Life as a commercial fisherman is a far cry from the idyllic dream of being paid to fish for a living.
For one thing, there’s no beer at hand for the thirsty worker, no deck chairs to sink into while casually throwing a hook into the water in the hope of a catch, and certainly no time to bask in the morning sun.
Commercial Broome fisherman Adam Masters is a testimony to that reality, and no one can accuse him of taking his profession lightly.
The 41-year-old spends approximately 200 days of the year at sea, sometimes for up to 14 days at a time, scouring the deep waters for tropical reef fish with only a handful of crew and Mother Nature for company.
The work is not for the nimble fingered or the faint-hearted. The crew spend their demanding 16-hour days repetitively setting heavy traps to lure beautiful, pristine red emperor, gold band snapper and other reef species and haul the traps back up to reveal a treasure trove of their catch, glistening in the sun.
Then comes the sorting and the packing.
Breaks are short and irregular and conditions volatile at times.
But the challenges don’t stop there.
Commercial operators such as Adam are locked in a constant battle with the State Government over strict fishing regulations, competing with giant oil and gas companies, and protecting Australian waters from illegal fishing activity.
This, however, is the life Adam has loved, maintained and fought for more than two decades.
A professional fisherman like his father Bob Masters, the two share more than work ethos.
As he begins to delve into his fascinating 24-year history of life on the water, it is clear Adam is as equally outspoken and fiercely passionate about his profession as his father.
Adam is an active voice in the Kimberley fishing community and continues to battle alongside fellow commercial operators for a fair go from the Department of Fisheries.
His battle, he says in his own words, is to ensure the “next generation of fishermen are out there” with the same opportunities he had.
Adam started his career aged 17, in the crayfish industry in Geraldton. He worked there for eight years, gained his qualifications and worked as a part-time skipper.
He left in 1996 to join his father Bob in Broome and set up a commercial fishing business together. The remoteness of the town paired with the abundant opportunities on offer were attractive incentives for Adam, and he decided to stay.
“There were good opportunities in those days for people in all walks of life,” he said.
“There was a good future in the fishing industry up here.”
But the following year, the Government imposed new regulations on the commercial fishing sector and the fishing fleet at the time, announcing the consolidation of licences which forced operators to fish in “uneconomically viable” circumstances.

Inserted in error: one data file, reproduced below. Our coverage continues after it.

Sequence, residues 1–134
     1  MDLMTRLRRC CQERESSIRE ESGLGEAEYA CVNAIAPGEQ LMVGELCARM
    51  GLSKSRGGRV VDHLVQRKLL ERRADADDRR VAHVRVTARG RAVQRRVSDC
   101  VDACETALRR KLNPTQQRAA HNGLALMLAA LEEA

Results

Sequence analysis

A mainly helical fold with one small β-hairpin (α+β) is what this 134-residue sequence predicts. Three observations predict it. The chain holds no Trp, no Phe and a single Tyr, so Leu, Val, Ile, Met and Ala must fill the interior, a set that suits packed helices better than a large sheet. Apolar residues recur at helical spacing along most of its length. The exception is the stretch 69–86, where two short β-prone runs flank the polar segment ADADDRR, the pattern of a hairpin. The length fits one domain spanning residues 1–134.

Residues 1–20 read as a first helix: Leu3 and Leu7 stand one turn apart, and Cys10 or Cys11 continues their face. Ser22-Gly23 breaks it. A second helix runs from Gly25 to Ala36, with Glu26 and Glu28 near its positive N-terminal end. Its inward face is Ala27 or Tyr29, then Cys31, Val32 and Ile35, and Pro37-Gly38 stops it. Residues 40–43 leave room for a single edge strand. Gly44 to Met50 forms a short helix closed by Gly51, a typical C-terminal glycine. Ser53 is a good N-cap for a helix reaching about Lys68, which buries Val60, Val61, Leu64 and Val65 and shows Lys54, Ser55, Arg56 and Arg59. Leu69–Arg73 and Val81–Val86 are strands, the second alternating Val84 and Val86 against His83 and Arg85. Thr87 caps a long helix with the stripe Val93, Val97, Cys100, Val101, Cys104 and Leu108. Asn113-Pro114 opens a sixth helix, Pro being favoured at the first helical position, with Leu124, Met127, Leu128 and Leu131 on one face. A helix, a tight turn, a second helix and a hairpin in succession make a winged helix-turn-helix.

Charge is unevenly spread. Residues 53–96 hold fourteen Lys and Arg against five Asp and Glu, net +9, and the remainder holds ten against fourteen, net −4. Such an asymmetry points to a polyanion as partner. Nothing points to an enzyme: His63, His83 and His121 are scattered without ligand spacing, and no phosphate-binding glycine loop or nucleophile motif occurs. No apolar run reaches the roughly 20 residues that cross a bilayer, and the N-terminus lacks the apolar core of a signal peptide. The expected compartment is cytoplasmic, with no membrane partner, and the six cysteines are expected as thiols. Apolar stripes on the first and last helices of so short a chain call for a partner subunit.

It didn’t stop there. Since then, Adam has continued to battle for commercial fishermen’s rights to fish sustainably.
Careful and viable management regulations were needed, not over-managed, over-regulated policies, he said.
“Our job as commercial fishermen is sustainability … since it has been managed, our catches have increased a lot, due to boats being capable of staying out longer,” Adam said.
“At the inception of the fishery, 23 boats existed with 365 days fishing access, which was reduced to 11 licences at 89 days per licence.
He said he believed this many times over reduction was based on flawed science.
But adhering to the Government’s strict fishing policies have in recent years added increased pressure to local operators.
The Federal Government’s announcement to establish a marine parks network which stretched from the Kimberley to the State’s south coast evoked concern and outrage throughout WA’s fishing and recreational communities.
Adam said there were already management structures in place for sustainable fishing and the marine park posed a threat to food security.
“I believe huge marine parks are unfounded,” he said.
“There is no scientific basis for implementation, there are no threats to fishing.
“More than 70 per cent of our seafood is already imported, and the Federal Government’s marine park is the second largest fishing zone in the world.”
Australia produces 0.3 per cent of global seafood, but makes up a lion’s share of its marine parks.
“Forty-three per cent of all marine parks on the planet are in Australian waters,” Adam said.
Both Adam and Bob have campaigned against the Federal Government’s decision to allow bottom-trawling in waters off the Kimberley, which they say conflicts with the Government’s policy to protect the environment.
“The policies are totally contradictory, it destroys habitat, it’s destructive and unsustainable,” Adam said.
Over the years, he has helped protect Australian waters from illegal fishing activity and was recognised along with his father for their tremendous work with one of the highest accolades in the fishing industry.
“The result of our efforts was the Government providing $300 million in funding to the Customs Department for patrol boats and infrastructure to our northern region to help protect our fish resource from foreign illegal fishing,” he said.
“We did a lot behind the scenes as fishermen who have a right to fish on behalf of the public who own the resources.”
As most of Broome’s commercial and recreational fishers will attest, a major difficulty facing the community is the lack of boating facilities.
Adam said royalties from of WA’s oil and gas resources should fund adequate infrastructure.
Despite continuing to fight to preserve the industry, Adam said he had no regrets about going in to this profession.
“There is hope for the future — it’s arguably the best demersal fishing in the world,” he said.
“It’s a lifestyle, not a job,” he said.